In 2015, Baker oversaw the passage of a state law that expanded opioid education, limited doctors’ prescribing power, and mandated the use of the state’s prescription drug monitoring database, which tracks doctors, pharmacists, and patients. Of the legislation, Baker said, “While there is still much work to be done, our administration is thankful for the legislature’s effort to pass this bill and looks forward to working with the Attorney General and our mayors to bend the trend and support those who have fallen victim to this horrific public health epidemic.” In recognition of his efforts, in May 2017 President Trump appointed Baker to the national opioid commission.
Like other politicians in Massachusetts, Charlie Baker talks the progressive talk on opioids. The crisis is a “public health epidemic,” he says. But while the Governor has taken some positive steps, including obtaining federal funds for a medication-assisted treatment program for people leaving jails, his efforts have fallen far short of what’s needed to stop the climbing overdose rates. And even worse, he’s aggressively fought for retrograde prohibitionist policies that would have been right at home in the 1980s, and which would likely make Jeff Sessions proud.
Despite the public health rhetoric, Baker ultimately listens to prosecutors — not public health experts — when he crafts policy. Baker has thus far refusedto sign an executive order to enable advocates and medical professionals to run safe injection facilities in the state, despite the Massachusetts Medical Society’s 193–21 vote in favor of the sites — a vote motivated by research confirming that SIFs save lives. And while Baker’s own Department of Public Health has published horrifying statistics directly linking incarceration to overdose death, the Governor has thrown his political weight behind a number of legislative proposals that would exacerbate the public health crisis, by giving law enforcement even more power to lock people up for longer sentences, and even for new crimes.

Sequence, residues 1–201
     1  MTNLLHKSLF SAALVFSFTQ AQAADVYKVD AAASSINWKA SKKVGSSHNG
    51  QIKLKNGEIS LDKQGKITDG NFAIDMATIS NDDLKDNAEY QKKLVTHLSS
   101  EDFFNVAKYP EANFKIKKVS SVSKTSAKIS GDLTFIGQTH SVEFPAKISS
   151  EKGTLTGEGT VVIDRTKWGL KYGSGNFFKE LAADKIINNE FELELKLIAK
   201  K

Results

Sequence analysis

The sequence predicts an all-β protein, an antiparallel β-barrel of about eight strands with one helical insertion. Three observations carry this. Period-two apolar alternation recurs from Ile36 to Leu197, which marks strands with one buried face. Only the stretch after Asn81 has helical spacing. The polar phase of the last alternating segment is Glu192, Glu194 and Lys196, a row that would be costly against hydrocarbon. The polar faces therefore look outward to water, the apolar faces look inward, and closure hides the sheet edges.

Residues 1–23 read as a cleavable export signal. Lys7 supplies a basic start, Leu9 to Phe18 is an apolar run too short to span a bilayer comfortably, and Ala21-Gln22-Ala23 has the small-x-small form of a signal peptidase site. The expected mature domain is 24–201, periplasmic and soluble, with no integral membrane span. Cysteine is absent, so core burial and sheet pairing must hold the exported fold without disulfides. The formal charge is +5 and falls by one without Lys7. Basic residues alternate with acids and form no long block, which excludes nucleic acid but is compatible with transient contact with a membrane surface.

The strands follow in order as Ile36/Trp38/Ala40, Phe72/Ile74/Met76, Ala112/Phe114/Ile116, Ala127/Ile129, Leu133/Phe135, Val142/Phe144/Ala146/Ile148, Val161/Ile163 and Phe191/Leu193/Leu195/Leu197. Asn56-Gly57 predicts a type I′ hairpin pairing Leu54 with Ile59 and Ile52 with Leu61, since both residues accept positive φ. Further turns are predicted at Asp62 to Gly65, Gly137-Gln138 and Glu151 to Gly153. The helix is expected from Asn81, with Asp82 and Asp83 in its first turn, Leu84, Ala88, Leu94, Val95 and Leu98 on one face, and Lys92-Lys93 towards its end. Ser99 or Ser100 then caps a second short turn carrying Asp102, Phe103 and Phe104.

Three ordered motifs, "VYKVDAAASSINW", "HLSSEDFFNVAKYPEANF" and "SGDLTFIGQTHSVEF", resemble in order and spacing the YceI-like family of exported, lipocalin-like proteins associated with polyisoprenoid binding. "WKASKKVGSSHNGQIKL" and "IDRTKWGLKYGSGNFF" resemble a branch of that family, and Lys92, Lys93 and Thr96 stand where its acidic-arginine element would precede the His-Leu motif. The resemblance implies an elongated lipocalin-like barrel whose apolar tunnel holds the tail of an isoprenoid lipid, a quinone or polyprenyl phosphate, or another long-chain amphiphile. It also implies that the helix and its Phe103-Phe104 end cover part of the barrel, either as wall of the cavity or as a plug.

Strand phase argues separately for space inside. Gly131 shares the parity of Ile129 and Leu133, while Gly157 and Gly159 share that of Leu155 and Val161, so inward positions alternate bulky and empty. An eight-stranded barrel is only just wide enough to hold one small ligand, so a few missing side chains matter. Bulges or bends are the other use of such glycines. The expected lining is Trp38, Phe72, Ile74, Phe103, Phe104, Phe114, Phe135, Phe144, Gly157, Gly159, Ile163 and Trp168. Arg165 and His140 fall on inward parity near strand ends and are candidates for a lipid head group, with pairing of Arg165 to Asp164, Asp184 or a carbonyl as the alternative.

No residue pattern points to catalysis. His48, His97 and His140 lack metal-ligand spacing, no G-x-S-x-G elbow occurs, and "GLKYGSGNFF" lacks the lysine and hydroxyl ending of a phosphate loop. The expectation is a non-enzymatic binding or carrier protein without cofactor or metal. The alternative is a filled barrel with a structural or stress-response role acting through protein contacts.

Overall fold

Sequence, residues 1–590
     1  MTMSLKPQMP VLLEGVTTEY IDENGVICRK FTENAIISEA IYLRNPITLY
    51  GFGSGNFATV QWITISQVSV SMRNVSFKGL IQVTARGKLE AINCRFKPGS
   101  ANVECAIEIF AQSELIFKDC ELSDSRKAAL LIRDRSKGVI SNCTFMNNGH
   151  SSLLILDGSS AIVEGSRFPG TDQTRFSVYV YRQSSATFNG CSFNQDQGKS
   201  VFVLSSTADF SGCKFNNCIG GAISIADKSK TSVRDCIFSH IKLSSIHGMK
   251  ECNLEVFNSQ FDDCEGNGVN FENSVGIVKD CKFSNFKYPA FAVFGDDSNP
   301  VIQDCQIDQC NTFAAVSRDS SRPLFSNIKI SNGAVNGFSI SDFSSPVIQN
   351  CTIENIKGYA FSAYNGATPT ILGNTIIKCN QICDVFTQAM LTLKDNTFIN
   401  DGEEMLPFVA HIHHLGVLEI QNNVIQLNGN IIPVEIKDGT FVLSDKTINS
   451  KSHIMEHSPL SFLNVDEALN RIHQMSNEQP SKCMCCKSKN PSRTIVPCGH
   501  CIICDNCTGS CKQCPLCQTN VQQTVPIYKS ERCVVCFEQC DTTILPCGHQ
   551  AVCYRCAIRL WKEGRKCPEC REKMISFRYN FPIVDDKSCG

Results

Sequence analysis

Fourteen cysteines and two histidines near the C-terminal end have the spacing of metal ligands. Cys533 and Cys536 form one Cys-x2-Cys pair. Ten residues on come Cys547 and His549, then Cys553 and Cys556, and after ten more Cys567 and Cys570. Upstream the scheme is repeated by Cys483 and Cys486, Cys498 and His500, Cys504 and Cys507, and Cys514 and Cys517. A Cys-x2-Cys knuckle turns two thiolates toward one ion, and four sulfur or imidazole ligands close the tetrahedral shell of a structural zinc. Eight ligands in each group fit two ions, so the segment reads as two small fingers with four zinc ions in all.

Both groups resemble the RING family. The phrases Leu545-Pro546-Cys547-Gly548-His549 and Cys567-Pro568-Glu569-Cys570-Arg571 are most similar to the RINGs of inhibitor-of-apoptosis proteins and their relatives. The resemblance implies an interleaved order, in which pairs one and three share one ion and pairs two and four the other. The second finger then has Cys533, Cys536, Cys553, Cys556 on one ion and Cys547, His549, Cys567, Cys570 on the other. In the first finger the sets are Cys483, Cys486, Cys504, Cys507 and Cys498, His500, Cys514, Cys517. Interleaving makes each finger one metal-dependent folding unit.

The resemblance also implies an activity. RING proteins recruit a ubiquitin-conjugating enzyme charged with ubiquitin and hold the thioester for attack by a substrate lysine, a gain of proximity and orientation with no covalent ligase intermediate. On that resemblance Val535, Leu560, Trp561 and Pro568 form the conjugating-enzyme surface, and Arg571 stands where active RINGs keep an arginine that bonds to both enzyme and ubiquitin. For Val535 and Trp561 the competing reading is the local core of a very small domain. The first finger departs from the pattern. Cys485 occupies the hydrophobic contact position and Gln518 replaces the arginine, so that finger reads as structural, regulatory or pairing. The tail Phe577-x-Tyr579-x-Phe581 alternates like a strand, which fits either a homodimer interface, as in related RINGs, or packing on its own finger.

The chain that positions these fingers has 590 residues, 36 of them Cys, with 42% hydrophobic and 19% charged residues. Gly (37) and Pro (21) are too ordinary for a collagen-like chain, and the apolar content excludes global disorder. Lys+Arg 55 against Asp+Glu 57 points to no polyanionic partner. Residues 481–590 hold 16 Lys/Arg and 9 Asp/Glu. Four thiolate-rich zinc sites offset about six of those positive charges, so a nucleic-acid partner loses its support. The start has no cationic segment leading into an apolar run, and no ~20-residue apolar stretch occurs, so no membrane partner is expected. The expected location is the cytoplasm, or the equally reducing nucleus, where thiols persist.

According to the state’s data, substance users are an astonishing 120 timesmore likely to die of overdose upon release from jail or prison, compared to people with substance use disorders who are never incarcerated. The obvious public policy answer to these statistics linking incarceration to overdose death is to decriminalize drug possession, and to shift the resources currently spent on law enforcement, incarceration, and probation into medication-assisted treatment on demand, housing, and health care for substance users. But Governor Baker is doing the opposite, by doubling down on failed prohibition policies, putting drug users at even greater risk of death.
Like other politicians grasping for solutions to the opioid crisis, Baker has endorsed the hair-raising strategy of charging drug sellers with homicide, in the event that their wares result in overdose death. The Governor introduced legislation to that effect, arguing that his proposal “will give prosecutors and public safety officers the ability to better respond to new drugs coming into our communities, and to hold accountable drug dealers who put profits over the lives of other people.”